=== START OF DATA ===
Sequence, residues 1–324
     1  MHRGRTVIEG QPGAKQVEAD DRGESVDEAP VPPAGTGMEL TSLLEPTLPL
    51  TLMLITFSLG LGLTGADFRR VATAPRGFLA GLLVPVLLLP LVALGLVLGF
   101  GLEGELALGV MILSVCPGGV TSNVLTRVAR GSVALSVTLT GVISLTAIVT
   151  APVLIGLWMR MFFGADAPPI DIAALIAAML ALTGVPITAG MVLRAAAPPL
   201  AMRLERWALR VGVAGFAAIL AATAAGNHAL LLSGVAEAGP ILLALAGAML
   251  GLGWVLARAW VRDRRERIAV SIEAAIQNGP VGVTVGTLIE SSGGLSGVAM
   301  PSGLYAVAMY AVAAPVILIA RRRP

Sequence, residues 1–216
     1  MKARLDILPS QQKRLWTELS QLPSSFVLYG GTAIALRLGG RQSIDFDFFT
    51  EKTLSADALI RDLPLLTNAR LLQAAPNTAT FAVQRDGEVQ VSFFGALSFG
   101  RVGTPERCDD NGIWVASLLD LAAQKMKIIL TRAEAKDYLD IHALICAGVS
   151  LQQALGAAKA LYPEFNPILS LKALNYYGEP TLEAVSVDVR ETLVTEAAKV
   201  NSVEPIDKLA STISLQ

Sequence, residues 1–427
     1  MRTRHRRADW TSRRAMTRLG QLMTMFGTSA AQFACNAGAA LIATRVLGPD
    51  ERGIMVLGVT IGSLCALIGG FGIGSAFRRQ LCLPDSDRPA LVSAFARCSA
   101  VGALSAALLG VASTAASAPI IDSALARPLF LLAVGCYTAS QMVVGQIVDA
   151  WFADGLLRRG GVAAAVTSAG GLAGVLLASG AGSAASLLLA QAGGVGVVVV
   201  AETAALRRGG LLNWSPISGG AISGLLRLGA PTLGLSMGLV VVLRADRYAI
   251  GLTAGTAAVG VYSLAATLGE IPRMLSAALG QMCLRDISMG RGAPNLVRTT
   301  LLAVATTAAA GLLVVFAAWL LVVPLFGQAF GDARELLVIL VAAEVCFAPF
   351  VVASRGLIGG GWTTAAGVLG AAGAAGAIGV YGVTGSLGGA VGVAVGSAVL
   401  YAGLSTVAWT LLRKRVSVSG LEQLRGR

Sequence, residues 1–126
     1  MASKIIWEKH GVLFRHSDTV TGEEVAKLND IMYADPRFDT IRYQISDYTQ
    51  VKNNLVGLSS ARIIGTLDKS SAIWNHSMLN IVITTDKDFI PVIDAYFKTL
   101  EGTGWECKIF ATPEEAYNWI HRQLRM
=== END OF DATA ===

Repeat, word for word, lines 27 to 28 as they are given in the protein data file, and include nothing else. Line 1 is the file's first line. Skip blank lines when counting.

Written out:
    51  VKNNLVGLSS ARIIGTLDKS SAIWNHSMLN IVITTDKDFI PVIDAYFKTL
   101  EGTGWECKIF ATPEEAYNWI HRQLRM